‘I’m A Girl’ is the heaviest track that Peace have ever put out and it’s bold, brash nature and carefree lyrics really stand out on the album. Whilst it’s tailored for crowds and rowdy mosh pits (I can’t wait to rock out to this one at festivals!), ‘I’m A Girl’ makes the biggest statement on the album for me, in terms of things I’ve never heard from the band before and how they are put together in a track. This track outlines the album’s new sound and hopefully is an omen for things to come.

‘Happy People’ is closed with ‘World Pleasure’ which is a track that I feel is one of Peace’s most defining tracks to date, alongside other older tracks such as ‘Bloodshake’ and ‘Follow Baby’. It’s 6 minutes and 23 seconds of brilliant layered guitars and retro vibes and THAT bassline. The way the bass takes the lead in this track is something I’d love to see more from Peace, and other bands in their music. For me, this is the best track on the album by a mile!

Overall, ‘Happy People’ is a great offering from Peace as it shows changes in the way the band are composing their songs and mixing their styles – it’s in no way samey to their other albums like so many are. Though I have to say that ‘Happy People’, whilst great, still has not lived up to Peace’s first EP, ‘Delicious’, which is one of my all-time favourite pieces of music. Though, of course I will still have ‘Happy People’ on a loop for the foreseeable future. More tracks like ‘World Pleasure’ please, Peace!

~ Ceri-Ann Hughes 

Pick Of The Week – "Let It Happen", Tame Impala

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This week Tame Impala revealed that they are back, so of course I’ve been celebrating this to the soundtrack of their brand new single. ‘Let It Happen’ is 7 minutes and 59 seconds of absolute genius. It’s as synthy as predicted and is filled with as many riffs as you can handle. The lyrics are warbled over the psychedelic vibes of the track, whilst the track also brings a dance-y vibe to it – so even if you’re not big into the psychedelic vibe this track has something to offer. I’m a massive fan of Tame Impala’s albums and I feel that this track incorporates everything a Tame Impala fan would love about the band – it’s absolutely a magnificent work of art. Any song that can keep me interested for 8 minutes deserves to be my pick of the week! After the release of this track, Tame Impala are definitely at the top of my ‘bands to see’ list – I hope you’ll be as hooked on this track as I am!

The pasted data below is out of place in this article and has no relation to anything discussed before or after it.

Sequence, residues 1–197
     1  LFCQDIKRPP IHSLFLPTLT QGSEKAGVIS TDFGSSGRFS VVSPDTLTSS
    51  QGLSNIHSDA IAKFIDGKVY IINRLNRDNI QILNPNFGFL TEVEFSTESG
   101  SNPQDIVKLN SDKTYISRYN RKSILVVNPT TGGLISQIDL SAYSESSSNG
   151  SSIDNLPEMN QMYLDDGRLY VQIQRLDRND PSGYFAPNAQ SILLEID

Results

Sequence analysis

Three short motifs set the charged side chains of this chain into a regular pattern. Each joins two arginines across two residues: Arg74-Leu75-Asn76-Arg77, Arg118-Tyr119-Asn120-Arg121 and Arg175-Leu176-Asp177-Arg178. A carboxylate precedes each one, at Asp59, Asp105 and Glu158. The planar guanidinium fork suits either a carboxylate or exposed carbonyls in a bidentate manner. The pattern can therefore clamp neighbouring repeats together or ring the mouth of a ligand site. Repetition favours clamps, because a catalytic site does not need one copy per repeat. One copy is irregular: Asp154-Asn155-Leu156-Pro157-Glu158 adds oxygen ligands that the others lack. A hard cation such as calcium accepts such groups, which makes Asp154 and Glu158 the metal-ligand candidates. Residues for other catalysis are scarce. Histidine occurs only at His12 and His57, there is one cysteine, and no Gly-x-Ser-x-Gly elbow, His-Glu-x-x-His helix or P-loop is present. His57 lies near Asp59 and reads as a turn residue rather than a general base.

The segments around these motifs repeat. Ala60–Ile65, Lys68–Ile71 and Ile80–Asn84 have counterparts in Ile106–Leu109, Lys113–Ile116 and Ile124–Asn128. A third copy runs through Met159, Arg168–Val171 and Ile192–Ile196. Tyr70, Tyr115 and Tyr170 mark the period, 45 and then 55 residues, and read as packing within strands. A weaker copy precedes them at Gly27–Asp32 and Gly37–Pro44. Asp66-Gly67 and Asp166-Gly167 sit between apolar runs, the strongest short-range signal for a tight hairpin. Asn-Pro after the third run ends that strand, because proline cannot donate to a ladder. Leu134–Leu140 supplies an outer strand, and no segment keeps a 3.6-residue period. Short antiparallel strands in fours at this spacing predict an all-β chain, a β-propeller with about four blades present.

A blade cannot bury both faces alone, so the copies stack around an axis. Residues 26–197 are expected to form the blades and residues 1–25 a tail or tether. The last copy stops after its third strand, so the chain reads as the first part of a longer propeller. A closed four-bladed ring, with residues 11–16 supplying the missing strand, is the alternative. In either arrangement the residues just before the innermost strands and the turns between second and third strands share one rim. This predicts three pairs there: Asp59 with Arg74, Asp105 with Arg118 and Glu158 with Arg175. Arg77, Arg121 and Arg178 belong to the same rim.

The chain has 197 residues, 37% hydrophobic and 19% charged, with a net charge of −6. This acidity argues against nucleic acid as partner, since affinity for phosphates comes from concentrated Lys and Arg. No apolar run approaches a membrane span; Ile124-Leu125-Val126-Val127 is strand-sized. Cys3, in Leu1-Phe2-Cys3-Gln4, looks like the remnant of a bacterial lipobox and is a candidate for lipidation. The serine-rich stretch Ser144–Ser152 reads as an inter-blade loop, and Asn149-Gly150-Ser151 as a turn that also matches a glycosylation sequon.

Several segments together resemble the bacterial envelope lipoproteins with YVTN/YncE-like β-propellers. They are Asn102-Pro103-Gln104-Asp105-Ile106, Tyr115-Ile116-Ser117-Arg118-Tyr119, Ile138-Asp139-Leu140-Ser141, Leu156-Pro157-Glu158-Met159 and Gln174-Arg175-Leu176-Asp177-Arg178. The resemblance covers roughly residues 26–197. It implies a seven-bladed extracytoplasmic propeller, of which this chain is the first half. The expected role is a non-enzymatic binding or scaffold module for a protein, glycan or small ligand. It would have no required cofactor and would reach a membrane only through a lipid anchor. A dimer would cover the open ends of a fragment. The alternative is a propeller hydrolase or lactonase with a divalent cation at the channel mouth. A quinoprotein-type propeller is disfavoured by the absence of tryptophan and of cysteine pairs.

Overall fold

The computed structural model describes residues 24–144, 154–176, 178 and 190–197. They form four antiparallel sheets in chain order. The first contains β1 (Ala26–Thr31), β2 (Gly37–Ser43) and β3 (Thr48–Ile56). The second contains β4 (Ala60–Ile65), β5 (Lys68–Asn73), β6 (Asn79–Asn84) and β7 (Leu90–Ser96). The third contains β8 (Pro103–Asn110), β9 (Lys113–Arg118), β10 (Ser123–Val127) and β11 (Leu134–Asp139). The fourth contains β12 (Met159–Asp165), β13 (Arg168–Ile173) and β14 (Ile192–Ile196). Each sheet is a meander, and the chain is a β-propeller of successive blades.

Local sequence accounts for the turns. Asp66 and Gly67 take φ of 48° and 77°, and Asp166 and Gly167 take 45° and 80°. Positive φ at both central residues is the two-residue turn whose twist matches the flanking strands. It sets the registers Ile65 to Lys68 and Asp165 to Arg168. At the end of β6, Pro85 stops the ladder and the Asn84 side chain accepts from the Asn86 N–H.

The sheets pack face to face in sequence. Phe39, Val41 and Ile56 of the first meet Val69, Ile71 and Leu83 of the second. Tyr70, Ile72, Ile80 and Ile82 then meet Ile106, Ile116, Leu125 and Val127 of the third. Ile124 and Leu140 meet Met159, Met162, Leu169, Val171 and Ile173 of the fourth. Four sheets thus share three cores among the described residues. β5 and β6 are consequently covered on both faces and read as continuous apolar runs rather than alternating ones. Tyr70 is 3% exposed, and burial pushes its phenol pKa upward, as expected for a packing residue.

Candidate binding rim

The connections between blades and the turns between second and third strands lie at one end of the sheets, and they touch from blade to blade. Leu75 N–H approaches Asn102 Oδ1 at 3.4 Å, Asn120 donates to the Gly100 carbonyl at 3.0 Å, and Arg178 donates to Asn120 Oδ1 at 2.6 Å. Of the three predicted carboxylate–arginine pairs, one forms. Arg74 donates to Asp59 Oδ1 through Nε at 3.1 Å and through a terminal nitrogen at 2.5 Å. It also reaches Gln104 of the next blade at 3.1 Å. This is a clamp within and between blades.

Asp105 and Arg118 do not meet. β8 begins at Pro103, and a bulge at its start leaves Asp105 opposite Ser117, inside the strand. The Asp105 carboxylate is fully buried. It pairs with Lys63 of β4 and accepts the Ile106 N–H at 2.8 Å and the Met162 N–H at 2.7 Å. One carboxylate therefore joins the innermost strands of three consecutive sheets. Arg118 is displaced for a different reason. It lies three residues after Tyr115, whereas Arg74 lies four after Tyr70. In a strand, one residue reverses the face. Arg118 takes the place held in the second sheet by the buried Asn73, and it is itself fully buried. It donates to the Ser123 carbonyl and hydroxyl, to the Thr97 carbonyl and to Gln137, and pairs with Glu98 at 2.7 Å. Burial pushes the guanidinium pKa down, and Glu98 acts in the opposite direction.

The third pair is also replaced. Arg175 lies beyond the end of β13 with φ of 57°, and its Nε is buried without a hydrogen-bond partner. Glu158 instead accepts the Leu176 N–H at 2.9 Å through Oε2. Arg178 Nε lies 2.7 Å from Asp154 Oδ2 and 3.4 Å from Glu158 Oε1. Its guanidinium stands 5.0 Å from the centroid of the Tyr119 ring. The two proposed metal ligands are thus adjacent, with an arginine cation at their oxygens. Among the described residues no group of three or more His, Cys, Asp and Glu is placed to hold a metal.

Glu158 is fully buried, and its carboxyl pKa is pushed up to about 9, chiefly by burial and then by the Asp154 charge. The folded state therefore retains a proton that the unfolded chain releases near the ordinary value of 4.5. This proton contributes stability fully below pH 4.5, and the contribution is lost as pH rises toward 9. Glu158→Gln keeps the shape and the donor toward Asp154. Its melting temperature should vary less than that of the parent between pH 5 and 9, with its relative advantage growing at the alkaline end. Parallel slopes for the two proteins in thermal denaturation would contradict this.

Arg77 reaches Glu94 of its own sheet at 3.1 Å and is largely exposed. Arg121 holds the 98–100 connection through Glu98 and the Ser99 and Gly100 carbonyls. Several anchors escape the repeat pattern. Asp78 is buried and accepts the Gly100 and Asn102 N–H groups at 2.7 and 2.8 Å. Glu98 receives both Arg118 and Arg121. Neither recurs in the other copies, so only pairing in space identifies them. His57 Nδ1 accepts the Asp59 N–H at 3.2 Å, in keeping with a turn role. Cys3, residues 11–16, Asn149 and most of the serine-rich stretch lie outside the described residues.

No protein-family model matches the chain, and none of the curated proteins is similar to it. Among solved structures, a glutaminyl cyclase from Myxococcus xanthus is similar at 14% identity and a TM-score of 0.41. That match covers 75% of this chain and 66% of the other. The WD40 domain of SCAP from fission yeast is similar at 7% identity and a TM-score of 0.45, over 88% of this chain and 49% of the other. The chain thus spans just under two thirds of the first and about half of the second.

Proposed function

~ Ceri-Ann Hughes

Pick Of The Week – "All The Sad Young Men", Spector

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Spector have been under the radar for the past couple of years since their debut album ‘Enjoy It While It Lasts’, but they’ve burst back onto the scene with their latest single ‘All The Sad Young Men’. I feel like it’s a homage to the ‘80s with excessive synths, and this absolutely complements the band’s style. I can’t get enough of this track and its tongue-in-cheek lyrics such as ‘no, nothing ever really started with a kiss’ which is an ode to The Killers’ ‘Mr. Brightside’. Big synths are my thing at the moment, so this track is one to be played really loud. I can’t wait to see what subsequent tracks will follow – a deserved pick of the week!

~Ceri-Ann Hughes

Check out “All The Sad Young Men” here: https://www.youtube.com/watch?v=UlfsI4UD4ZE